From the June 7 edition of Family Research Council's Washington Watch:
RUSS JONES (GUEST HOST): John Kluge, he's an orchestra teacher at Brownsburg High School in central Indiana. Well, he's confronting sour notes of his school district's requirement that teachers call transgender students by their preferred names rather than those given at birth, stating the policy goes against his strongly held religion beliefs. Bravo, John! Well, we've got John and his attorney. We've got John Kluge and his attorney Ross Stovall, who is working through Alliance Defending Freedom to defend his rights, and they both are joining us now.
JOHN KLUGE: My particular situation, we had started out the school year with my administration and I coming up with a good solution to kind of respect and accommodate my religious beliefs as well as respect and honor the beliefs of all the students here. I was going to call all of my students by last name only, all of them indiscriminately, and therefore, I kind of sidestepped this whole controversy altogether. I've been doing that for the past year, and it's been working well.
JONES: Ross, let me introduce you. Ross Stovall, attorney there in Indiana and representing John. What happened to John's rights here? We always seem to hear about the rights of the homosexual community and what not. What about John's rights here?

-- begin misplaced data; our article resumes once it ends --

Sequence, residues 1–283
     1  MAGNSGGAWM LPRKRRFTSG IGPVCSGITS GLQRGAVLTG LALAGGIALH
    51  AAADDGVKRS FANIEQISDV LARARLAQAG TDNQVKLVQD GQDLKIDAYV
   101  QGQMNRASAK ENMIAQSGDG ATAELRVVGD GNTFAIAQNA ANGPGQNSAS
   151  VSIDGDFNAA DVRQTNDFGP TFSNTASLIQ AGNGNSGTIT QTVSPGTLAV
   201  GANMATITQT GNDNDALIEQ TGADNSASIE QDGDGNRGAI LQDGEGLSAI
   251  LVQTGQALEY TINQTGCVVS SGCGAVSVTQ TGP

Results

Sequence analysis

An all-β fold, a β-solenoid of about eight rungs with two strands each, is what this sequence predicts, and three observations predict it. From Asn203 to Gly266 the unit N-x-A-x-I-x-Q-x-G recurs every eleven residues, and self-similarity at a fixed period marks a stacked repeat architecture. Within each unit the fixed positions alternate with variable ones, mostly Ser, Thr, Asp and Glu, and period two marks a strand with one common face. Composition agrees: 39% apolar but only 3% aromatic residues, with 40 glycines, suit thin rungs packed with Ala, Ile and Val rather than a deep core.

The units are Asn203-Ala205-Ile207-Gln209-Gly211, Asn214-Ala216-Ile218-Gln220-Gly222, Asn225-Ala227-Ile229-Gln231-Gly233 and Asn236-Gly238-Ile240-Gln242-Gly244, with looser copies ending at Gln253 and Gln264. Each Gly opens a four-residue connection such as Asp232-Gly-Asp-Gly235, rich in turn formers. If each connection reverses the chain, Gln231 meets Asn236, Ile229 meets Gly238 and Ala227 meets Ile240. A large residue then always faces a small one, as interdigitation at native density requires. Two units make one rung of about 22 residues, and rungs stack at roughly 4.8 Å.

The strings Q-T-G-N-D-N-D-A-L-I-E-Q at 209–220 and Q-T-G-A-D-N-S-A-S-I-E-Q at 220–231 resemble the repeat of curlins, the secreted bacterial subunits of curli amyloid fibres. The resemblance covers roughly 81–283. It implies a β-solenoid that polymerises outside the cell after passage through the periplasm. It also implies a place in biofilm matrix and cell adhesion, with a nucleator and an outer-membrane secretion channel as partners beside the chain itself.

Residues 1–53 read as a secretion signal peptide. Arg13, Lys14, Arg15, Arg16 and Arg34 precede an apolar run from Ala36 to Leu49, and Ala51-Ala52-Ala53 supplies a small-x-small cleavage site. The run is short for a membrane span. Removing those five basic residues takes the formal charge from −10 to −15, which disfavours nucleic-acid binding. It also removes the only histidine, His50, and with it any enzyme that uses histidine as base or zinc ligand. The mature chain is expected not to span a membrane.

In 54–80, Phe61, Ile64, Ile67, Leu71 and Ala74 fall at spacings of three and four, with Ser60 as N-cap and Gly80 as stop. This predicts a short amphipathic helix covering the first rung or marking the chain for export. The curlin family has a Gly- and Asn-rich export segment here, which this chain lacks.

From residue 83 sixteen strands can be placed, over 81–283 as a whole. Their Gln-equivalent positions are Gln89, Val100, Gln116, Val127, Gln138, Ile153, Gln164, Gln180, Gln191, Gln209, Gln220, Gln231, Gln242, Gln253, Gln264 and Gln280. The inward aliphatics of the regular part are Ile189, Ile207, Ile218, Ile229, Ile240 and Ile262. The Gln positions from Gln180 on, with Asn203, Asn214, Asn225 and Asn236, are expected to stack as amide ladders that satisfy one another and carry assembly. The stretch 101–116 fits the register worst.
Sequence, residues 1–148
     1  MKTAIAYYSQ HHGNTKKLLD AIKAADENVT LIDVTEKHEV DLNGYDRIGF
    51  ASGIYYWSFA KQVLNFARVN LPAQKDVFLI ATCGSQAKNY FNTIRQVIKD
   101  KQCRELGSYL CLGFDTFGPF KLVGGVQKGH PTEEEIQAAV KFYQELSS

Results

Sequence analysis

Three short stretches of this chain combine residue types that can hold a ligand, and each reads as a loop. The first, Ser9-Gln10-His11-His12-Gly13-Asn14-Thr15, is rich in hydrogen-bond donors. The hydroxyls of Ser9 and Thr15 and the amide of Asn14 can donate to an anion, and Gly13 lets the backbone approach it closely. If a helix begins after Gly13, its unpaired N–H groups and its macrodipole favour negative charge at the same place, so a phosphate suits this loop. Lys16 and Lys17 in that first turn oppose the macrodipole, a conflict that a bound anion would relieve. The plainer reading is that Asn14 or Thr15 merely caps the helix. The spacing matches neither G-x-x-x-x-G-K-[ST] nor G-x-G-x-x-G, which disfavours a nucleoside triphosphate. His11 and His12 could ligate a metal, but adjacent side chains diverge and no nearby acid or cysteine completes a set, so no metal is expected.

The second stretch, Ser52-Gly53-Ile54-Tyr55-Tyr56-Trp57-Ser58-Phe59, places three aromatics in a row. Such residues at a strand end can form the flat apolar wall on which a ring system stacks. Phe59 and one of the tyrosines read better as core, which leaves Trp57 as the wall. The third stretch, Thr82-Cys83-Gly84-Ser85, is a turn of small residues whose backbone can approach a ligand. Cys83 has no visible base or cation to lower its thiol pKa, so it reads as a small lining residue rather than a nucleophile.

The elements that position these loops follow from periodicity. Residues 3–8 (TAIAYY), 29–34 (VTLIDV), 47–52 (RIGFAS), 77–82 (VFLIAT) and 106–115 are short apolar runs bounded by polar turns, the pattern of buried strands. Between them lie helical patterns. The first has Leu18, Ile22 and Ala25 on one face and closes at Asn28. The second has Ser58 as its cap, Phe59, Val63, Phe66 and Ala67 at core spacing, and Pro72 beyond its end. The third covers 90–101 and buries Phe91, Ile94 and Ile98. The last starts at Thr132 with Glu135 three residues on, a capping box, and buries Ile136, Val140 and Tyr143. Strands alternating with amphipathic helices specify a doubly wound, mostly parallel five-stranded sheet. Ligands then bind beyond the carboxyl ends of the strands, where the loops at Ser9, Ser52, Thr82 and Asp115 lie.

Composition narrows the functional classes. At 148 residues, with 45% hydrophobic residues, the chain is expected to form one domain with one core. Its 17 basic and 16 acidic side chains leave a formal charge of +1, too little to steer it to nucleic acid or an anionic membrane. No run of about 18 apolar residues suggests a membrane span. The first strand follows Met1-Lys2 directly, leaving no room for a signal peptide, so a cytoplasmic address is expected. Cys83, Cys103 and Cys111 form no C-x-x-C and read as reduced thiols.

ROSS STOVALL: What we have here is government action, and this is what really makes this so powerful, Russ, as a case, because John has been willing, really atypically, to come out of the school system and to open to daylight the kinds of actions they're taking and discriminatory actions against people of faith. There's just no other way to describe it. It's a hostility against religion. They had an accommodation, as he said, that was under federal law that they reached that. It was a written accommodation with the administration. That accommodation then wasn't good enough after this year was over, and they just simply gave him the choice to either get on the program or get out. So it's really a speech declaration by a governmental entity. They're forcing speech. So it's really a compelled speech case that we're talking about, which is just abhorrent to most listeners to think that they could be forced to speak, to think, and speak a given way because their masters dictate this.
JONES: Now, what have you done? Have you written a letter to the school district? What steps have you taken to express these concerns?
STOVALL: Well, first of all, as soon as ADF learned about this, they got somebody on the ground. They have allies around the country, and I'm one of the allies. We do pro-bono work to help with the cause. So, as soon as we got involved, we did a lengthy letter explaining why, to the administrator who did this, they should not terminate John. Yes, we've done that. We've had no answer to that. We then went to the principal.